Australian health care chain finds success — and some challenges — in its online store for the Chinese market


Australian discount chain Pharmacy 4 Less began life in the fall of 2007, with a store in the Sydney suburb of Hornsby. It now has 37 stores in the southern part of the country, in the states of New South Wales, Queensland, Victoria and Western Australia. Pharmacy 4 Less also has a substantial online presence: Rania Awad, the company’s general manager of e-commerce and IT, estimates that e-commerce amounts to about 5 percent of total revenues.

About a year ago, Pharmacy 4 Less opened an online store aimed at the cross-border e-commerce Chinese market. “In a way,” says Awad, “the Chinese consumer found us — or more broadly speaking, Australia. We know that Chinese consumers are always looking for high-quality medical products, mostly around vitamins and skin care. We started researching and learning more about the potential there, and that’s when we decided to actively put together a strategy to cater to that market.”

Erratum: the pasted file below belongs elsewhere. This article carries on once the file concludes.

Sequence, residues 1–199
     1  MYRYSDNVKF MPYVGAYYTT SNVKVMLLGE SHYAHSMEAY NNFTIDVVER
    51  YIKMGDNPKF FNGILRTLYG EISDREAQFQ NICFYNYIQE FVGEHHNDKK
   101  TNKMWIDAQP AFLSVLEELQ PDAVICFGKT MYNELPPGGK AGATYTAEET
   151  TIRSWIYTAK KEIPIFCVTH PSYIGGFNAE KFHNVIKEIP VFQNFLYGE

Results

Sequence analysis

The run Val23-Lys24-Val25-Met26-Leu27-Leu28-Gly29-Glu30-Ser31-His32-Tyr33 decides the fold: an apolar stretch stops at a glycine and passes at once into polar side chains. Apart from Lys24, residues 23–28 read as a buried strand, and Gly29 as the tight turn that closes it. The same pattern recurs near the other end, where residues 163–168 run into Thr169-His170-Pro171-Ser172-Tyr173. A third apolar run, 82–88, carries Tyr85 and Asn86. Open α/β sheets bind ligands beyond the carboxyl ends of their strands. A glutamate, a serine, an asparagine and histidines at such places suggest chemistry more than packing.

Growing opportunity

The high level of Chinese interest in foreign health care products has its origins in a 2008 incident in which milk and infant formula products were found to contain traces of melamine, a chemical found in plastics and adhesives that can cause renal failure. By the end of that year, China’s Ministry of Health reported that 300,000 children might have been affected by the contamination. This sparked a widespread distrust of domestic products, particularly among middle-class Chinese.

Access to foreign health care products was complicated by the fact that foreign brands were required to qualify for the Chinese Food and Drug Administration’s “blue hat” status, which involved a cost of around $100,000 per product and a wait for approval of one to two years.

In early 2015, however, China adopted new rules for cross-border e-commerce that significantly lowered this barrier to entry. Under current regulations, as long as items are for personal use and shipped in personal-size parcels, they need only to meet the drug administration standards of the country of origin.

China — the second-largest pharmaceutical market in the world — is expected to grow from $108 billion in 2015 to $167 billion by 2020.
— U.S. Department of Commerce

For a company like Pharmacy 4 Less, which specializes in generics and discount sales, China is a natural fit. According to the U.S. Department of Commerce, China — the second-largest pharmaceutical market in the world — is expected to grow from $108 billion in 2015 to $167 billion by 2020. Low per-capita spending and government policies favor rapid growth in the generic market, which is expected to surpass the United States in sales in 2017.